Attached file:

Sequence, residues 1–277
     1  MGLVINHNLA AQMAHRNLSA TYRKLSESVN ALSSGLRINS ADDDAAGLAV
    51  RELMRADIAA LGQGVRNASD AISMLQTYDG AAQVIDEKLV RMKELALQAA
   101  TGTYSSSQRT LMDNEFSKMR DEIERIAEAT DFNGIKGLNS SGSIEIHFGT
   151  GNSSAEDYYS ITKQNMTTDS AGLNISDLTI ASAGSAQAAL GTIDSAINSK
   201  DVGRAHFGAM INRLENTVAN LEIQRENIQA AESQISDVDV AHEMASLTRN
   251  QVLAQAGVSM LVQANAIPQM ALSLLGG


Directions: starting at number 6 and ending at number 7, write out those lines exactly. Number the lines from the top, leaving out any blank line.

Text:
   201  DVGRAHFGAM INRLENTVAN LEIQRENIQA AESQISDVDV AHEMASLTRN
   251  QVLAQAGVSM LVQANAIPQM ALSLLGG